Advice for Parents of Highly Sensitive Children

“Children do not experience our intentions, no matter how heartfelt. They experience what we manifest in our tone and behaviour.”   —Gordon Neufeld

Dear Parents of Highly Sensitive Children,

There is nothing wrong with your child. Both you and your child need to know that— really know that. Below are the six things I think a highly sensitive child might need from you the most.

1) Love us for who we are.

We actually feel things more deeply than most of the population. High sensitivity is a biological trait, not a choice.

Don’t assume that we’re just like you and that what worked for you will work for us. We can’t control how deeply we feel. We can’t decide when to stop feeling or which feelings not to have even when it appears as though we’ve got them under control.

When we try to suppress what makes us who we are, we risk losing the gifts that come with our temperaments.

Highly sensitive does not mean overly sensitive. What is normal, anyway? We know you want us to be happy, but trying to stop us from feeling badly is only a temporary solution. Where are all those feelings supposed to go?

If we’re fed the message that there’s an easier, better way to be, we’ll believe you and feel like something needs to be fixed. Help us embrace our “thin skin” and recognize that there’s nothing wrong with having it.

2) Listen to your intuition and not the “experts.”

Experts might tell you that we need therapy, or psychiatry, or that we’re bipolar, or have ADD, or need medication, or more medication. We are often misdiagnosed.

Consider that the experts may be wrong and that there’s nothing to cure. Experts are trained to psycho-pathologize. They look to label.

The experts we rely on to decipher our symptoms cannot possibly understand who we are in a one-hour consultation. See us with compassion, and then help us see what you see.

3) Teach us boundaries.                         

We are nurturers by nature.

We tend to the feelings of others while ignoring our own. We can give more than we have.

We need to hear that it’s okay to put ourselves first and that setting boundaries does not make us selfish.

4) School and group activities.

If we tell you we don’t want to go to school or to a group activity, try to find out why. Assume there is more to the story than what we’re telling you.

School is loud. Kids can be mean. They can betray, gossip, and exclude. School can be excruciatingly overstimulating. We are deeply affected by our surroundings and living in a culture that can be relentlessly aggressive.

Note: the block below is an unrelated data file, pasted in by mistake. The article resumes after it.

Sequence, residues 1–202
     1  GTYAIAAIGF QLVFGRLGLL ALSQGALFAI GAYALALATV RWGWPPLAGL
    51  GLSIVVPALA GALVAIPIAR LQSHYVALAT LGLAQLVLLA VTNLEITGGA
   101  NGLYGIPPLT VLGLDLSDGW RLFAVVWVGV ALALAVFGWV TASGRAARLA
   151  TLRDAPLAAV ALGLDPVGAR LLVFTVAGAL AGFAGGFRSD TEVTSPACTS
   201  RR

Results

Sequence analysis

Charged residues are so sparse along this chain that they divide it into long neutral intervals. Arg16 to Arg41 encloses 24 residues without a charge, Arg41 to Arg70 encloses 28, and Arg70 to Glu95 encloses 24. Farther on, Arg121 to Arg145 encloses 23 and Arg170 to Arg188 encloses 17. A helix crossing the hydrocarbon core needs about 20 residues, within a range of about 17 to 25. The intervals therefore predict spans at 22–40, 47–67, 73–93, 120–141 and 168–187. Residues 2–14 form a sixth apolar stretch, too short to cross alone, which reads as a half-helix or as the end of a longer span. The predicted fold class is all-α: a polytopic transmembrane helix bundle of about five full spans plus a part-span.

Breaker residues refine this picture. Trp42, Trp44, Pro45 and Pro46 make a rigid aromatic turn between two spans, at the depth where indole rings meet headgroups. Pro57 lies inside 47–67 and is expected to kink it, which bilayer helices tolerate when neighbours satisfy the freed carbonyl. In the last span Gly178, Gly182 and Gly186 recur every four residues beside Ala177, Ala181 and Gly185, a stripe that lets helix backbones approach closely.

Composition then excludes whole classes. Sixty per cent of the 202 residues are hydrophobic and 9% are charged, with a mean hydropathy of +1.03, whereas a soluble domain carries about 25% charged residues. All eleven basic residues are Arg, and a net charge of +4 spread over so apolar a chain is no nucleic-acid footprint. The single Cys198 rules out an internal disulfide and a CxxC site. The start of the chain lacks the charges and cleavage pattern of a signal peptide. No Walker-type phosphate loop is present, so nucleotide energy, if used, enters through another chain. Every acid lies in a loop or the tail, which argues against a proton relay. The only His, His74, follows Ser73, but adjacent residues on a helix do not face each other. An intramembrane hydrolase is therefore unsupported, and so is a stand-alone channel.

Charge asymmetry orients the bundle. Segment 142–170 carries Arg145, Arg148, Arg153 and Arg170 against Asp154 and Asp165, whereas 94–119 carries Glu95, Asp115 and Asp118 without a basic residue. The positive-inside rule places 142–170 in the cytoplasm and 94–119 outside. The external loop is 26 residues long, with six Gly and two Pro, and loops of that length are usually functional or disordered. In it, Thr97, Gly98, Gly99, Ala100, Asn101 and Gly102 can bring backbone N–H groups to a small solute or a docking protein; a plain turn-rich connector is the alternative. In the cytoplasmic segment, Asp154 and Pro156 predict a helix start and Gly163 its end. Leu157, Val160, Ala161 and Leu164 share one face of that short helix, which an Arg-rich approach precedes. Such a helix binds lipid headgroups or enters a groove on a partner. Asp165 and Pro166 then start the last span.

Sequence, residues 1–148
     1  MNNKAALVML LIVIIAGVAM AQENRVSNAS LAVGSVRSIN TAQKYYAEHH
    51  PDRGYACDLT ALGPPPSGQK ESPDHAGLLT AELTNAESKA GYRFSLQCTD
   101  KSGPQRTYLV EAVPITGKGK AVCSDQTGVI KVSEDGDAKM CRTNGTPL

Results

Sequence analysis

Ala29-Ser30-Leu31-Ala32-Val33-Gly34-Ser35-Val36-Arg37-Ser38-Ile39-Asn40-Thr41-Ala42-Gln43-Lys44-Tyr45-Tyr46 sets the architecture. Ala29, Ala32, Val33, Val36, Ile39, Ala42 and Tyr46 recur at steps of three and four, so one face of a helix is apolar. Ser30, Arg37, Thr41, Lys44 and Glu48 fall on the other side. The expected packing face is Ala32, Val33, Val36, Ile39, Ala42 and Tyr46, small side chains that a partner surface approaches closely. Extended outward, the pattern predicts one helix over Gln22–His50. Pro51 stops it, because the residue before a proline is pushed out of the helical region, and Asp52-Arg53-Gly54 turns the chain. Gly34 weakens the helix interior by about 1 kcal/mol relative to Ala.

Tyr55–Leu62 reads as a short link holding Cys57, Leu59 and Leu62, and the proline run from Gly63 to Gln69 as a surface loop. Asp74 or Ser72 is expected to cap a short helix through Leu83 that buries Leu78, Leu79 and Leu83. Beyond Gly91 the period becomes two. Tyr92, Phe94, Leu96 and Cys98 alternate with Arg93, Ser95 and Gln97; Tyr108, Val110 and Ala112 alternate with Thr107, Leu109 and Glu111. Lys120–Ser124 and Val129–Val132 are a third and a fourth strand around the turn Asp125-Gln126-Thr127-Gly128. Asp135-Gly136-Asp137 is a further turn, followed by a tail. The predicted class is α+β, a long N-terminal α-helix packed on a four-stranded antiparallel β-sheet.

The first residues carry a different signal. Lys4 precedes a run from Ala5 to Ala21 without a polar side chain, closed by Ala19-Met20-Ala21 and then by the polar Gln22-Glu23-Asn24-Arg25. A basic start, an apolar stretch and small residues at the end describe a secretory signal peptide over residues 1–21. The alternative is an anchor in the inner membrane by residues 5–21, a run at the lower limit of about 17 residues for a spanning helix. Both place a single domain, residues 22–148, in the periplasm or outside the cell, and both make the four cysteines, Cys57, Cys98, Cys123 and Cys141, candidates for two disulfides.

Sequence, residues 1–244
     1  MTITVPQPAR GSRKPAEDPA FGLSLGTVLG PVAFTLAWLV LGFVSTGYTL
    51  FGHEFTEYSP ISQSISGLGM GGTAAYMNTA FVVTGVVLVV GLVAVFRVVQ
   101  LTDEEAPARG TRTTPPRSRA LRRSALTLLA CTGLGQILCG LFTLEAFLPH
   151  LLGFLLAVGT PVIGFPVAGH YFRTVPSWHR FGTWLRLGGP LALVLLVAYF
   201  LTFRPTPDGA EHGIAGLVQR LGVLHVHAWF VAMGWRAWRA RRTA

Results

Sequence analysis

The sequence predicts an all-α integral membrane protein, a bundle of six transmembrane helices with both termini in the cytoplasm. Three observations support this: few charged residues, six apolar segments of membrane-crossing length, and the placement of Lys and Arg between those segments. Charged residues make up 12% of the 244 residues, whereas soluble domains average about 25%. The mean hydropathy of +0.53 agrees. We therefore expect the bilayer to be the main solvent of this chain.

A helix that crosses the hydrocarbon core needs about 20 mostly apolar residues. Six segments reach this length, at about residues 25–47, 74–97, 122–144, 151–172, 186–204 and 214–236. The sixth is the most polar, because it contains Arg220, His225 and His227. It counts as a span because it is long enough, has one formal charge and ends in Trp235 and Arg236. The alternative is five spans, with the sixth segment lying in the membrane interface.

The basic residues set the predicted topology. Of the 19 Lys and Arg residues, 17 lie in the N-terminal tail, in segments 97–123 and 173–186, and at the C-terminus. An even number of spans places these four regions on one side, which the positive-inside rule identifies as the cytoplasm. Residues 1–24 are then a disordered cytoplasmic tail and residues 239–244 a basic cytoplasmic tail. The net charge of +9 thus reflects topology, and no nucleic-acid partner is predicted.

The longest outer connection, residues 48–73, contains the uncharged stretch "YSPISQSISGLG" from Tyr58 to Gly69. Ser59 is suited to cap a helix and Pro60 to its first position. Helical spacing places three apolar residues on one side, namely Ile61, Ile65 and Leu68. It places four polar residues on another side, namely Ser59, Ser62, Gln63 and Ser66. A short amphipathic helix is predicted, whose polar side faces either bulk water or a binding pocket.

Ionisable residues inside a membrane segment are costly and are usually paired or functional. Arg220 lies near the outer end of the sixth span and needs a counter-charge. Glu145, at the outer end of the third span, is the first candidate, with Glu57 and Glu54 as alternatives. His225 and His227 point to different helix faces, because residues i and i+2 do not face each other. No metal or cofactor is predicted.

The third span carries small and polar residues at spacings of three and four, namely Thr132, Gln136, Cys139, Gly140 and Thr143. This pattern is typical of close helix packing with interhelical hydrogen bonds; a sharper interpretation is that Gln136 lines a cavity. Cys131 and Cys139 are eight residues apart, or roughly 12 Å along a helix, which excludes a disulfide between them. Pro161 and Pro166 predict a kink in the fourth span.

Highly sensitive children sense the injustices and cruelties all around them. Trust that we must be experiencing something painful enough to ask you if we can stay home.

Consider that we may be the canaries in the coal mine.

5) Just listen.

Sometimes we don’t need advice, and we don’t need to hear why we shouldn’t feel the way we do. Sometimes, we just need you to listen.

6) Keep us close.

You are the North Star.

Share your thoughts.

Let’s keep our discussions reflective, productive, and welcoming. Please follow our Community Guidelines and understand that we moderate comments and reserve the right to delete comments that don’t adhere to our guidelines. You must sign in or sign up to comment.
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  • Rich Flynn

    I could not agree more!

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  • Hendrie Weisinger

    I would also add that by nature, sensitive children (as sensitive individuals) are more apt to personalize “critical comments” that are made by parents. In other words, they take a parent’s comment as an evaluation of their selves rather than a specific behavior. As a result, they often exaggerate and distort the meaning of what their parent says (as sensitive employees do with the criticism of their boss.) For example, a sensitive child is more likely to hear, “Your grades need to be improved” as “I am not good, I am not loved” whereas the less sensitive child will hear it as ” your grades need to be improved,” and shrug it off, knowing their parent still loves them. For sensitive children, criticism contributes to low self-esteem and there are numerous studies to indicate this to be true. Contrary to conventional wisdom, you can be “too sensitive”–when your sensitivity causes you to overreact to criticism or prevents you from engaging in appropriate social interactions, sensitivity works against you. Parents of sensitive children should make it a point to make sure their child understands that no matter what their criticism, they still are loved unconditionally. This helps your child feel secure and allows them to be “less” sensitive when criticized and more likely to respond in a way that helps them grow.

  • Rosanna Biondolillo